| Order Status | My Account | Email Sign-up | Help | Cart
Follow the stars with great customer-reviewed favorites
CID=VMWEBP5

One Pound Bag Buffalo Nickels & Guaranteed 1938D Buffalo Nickel - 431-004


ShopHQ Price: $99.75
or  3 ValuePay:  $33.25
Shipping & Handling: $8.99
Select Quantity:


Disabled Add to Cart

431-004 - One Pound Bag Buffalo Nickels & Guaranteed 1938D Buffalo Nickel
Loading the player...
IMPORTANT: Video replays of previously aired programs may contain special offers, promotions or pricing that are no longer valid. Please see current pricing opitons displayed next to the video.
 
One Pound Bag Buffalo Nickels & Guaranteed 1938D Buffalo Nickel

An incredible collection of US Buffalo nickels. One, one pound bag, plus the scarce 1938D!

The Buffalo nickel or Indian Head nickel was a copper-nickel five-cent piece struck by the United States Mint from 1913 to 1938. It was designed by sculptor James Earle Fraser. As part of a drive to beautify the coinage, five denominations of US coins had received new designs between 1907 and 1909. In 1911, Taft administration officials decided to replace Charles E. Barber's Liberty Head design for the nickel, and commissioned Fraser to do the work. They were impressed by Fraser's designs showing a Native American and an American bison.

The designs were approved in 1912, but were delayed several months because of objections from the Hobbs Manufacturing Company, which made mechanisms to detect slugs in nickel-operated machines. The company was not satisfied by changes made in the coin by Fraser, and in February 1913, Treasury Secretary Franklin MacVeagh decided to issue the coins despite the objections. Despite attempts by the Mint to adjust the design, the coins proved to strike indistinctly, and to be subject to wear - the dates were easily worn away in circulation.

In 1938, after the minimum 25-year period during which the design could not be replaced without congressional authorization had expired, it was replaced by the Jefferson nickel designed by Felix Schlage. This Buffalo Hoard will have Buffalos from all years and mints in it...a True buffalo Stampede. The bonus is a specially packaged 1938 D buffalo Nickel. This was the last buffalo nickel produced and was only minted at Denver Mint that year!

Specifications:

  • Coin Type: Nickel
  • Coin Grade: Circulated - Assorted
  • Diameter: 21.21 mm.
  • Mintage Year: 1913-1938
  • Obverse: Right profile of American Indian
  • Reverse: American Bison
  • Manufacturer by American Collectors Mint, LLC.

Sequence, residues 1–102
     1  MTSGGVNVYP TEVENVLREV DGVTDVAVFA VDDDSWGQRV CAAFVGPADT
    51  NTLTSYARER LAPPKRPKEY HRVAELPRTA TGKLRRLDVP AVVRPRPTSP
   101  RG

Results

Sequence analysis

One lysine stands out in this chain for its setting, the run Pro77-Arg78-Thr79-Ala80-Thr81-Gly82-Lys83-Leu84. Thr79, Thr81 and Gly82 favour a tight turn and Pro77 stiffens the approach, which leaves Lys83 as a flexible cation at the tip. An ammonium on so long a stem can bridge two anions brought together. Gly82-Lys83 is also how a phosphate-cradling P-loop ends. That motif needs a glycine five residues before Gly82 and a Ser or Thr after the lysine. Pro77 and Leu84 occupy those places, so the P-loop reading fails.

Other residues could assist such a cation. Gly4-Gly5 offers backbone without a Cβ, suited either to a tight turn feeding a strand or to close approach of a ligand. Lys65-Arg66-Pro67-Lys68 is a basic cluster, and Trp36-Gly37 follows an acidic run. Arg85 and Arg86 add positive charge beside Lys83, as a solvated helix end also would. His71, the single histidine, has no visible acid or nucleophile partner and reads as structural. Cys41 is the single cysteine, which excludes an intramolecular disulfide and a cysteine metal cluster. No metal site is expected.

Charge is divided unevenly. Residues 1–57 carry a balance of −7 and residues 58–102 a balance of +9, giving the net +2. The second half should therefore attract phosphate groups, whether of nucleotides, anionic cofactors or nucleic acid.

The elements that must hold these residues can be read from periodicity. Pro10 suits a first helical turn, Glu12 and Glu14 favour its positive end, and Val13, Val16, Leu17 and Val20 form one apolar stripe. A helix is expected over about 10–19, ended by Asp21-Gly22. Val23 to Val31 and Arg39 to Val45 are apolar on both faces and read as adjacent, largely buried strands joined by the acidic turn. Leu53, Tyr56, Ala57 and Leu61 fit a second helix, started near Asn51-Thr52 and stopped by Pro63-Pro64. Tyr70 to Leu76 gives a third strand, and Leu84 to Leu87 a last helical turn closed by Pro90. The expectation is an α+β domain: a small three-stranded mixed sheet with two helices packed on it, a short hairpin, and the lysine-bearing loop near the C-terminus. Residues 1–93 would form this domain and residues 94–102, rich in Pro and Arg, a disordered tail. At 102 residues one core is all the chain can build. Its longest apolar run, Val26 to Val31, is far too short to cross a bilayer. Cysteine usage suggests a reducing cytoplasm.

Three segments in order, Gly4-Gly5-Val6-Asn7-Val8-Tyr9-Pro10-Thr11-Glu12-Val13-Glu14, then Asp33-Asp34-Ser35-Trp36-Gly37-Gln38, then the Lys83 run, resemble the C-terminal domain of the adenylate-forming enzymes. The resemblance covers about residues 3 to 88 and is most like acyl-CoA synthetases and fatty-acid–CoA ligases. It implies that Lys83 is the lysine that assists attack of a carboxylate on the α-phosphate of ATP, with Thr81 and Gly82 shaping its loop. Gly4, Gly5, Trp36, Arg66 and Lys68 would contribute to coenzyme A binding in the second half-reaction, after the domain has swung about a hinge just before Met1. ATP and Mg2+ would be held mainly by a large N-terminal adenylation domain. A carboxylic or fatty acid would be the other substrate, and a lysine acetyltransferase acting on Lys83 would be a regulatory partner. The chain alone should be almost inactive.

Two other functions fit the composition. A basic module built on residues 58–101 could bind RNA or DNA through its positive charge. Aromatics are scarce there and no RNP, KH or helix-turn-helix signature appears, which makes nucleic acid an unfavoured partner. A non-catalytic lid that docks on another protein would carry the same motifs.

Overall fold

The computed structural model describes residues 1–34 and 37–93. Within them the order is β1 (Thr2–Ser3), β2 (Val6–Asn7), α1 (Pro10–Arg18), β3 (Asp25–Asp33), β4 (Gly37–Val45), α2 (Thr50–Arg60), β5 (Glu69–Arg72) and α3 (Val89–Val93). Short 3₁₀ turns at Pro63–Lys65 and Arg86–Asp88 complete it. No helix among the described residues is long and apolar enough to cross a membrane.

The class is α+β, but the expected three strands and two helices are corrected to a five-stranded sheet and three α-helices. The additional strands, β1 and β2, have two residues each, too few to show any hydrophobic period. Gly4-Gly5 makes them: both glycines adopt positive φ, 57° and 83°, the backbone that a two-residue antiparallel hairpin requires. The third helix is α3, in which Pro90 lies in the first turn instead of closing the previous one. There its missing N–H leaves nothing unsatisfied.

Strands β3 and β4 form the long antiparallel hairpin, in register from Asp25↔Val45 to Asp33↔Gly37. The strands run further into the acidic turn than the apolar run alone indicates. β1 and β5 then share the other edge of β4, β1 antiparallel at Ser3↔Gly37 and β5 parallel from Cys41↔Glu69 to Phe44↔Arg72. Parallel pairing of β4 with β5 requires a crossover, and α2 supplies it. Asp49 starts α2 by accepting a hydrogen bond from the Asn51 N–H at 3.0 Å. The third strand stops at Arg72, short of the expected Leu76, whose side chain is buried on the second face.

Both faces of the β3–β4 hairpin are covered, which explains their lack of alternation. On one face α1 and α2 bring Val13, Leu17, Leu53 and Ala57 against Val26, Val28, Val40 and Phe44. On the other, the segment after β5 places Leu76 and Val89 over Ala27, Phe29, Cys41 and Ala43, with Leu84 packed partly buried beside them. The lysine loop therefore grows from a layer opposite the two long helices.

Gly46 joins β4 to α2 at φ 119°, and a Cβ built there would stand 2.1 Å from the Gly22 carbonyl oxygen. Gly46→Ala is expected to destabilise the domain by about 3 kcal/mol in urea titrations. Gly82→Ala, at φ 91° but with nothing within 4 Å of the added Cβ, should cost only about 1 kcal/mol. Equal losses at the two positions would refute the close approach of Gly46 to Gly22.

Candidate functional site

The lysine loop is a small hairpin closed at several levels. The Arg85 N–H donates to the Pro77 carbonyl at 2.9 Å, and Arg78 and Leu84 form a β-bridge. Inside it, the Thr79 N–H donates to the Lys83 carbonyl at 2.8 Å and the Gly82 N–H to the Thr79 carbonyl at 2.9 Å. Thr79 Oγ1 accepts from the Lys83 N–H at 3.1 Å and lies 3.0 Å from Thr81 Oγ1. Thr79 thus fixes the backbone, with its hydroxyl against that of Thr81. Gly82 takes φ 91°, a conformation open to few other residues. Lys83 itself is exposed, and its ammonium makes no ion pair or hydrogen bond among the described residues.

Nickels    


    Coin Glossary:

    Die: An engraved piece of metal used to stamp a design on a coin.

    Die crack: A small, raised imperfection on a coin resulting from a crack in the stamping die.

    Early release: The Numismatic Guaranty Corporation (NGC) uses this designation for U.S. Bullion Coins during the first month of release from the U.S. Mint. To qualify for Early Release designation, NGC must receive the coins within 30 days of their release by the US Mint or properly documented as being received by an NGC approved entity within the same 30-day release period.

    Encapsulated coin: A coin graded and authenticated by a professional coin service, then sealed in plastic.

    Field: The typically flat area surrounding the relief and not used for legend or inscription.

    Legal tender: Official money issued by the government.

    Legend: The coin's primary lettering.

    Lettered edge: An inscription added to the edge of a coin.

    Luster: The quality of the surface brilliance on a Mint State or Uncirculated coin.

    Mercury dime: Issued from 1916 to 1945, this U.S. dime featured a representation of Liberty in a winged hat that was commonly mistaken for the ancient god, Mercury.

    Mint: A government controlled coin production facility.

    Mint mark: A small letter stamped on a coin that indicates its mint origin, ex. "D" for Denver.

    Mint Set: One coin from each of the available denominations in a particular year, produced by a single mint and made for circulation.

    Mint State (Uncirculated): A regular production coin never used in trade and existing in its original condition.

    Mintage: The number of coins produced.

    NGC: Numismatic Guaranty Corporation.

    Numismatics: The collection and study of monetary objects such as coins and paper bills.

    Obverse: Heads, or a coin's front side.

    Patina: Surface discoloration, typically green or brown, caused by oxidation over time.

    PCGS: Professional Coin Grading Service.

    Planchet: A blank metal piece used to produce a coin.

    Proof: Expertly polished planchets and dies produce these coins which feature an extremely high quality strike, resulting in unmatched detail and brilliant surface finish.

    Reeded edge: A coin edge finish featuring parallel vertical grooves all the way around.

    Relief: The raised portion of a stamped design that sits above the coin's field.

    Reverse: Tails, or coin's back side.

    Rim: The raised ring around the perimeter of a coin designed to reduce wear on the relief.

    Strike: The act of stamping a coin.

    Truncation: The bottom edge of a portrait or bust.

    Wheat penny: Lincoln cents issued from 1909 to 1958 bearing the wheat ear design on the reverse.




      Clear all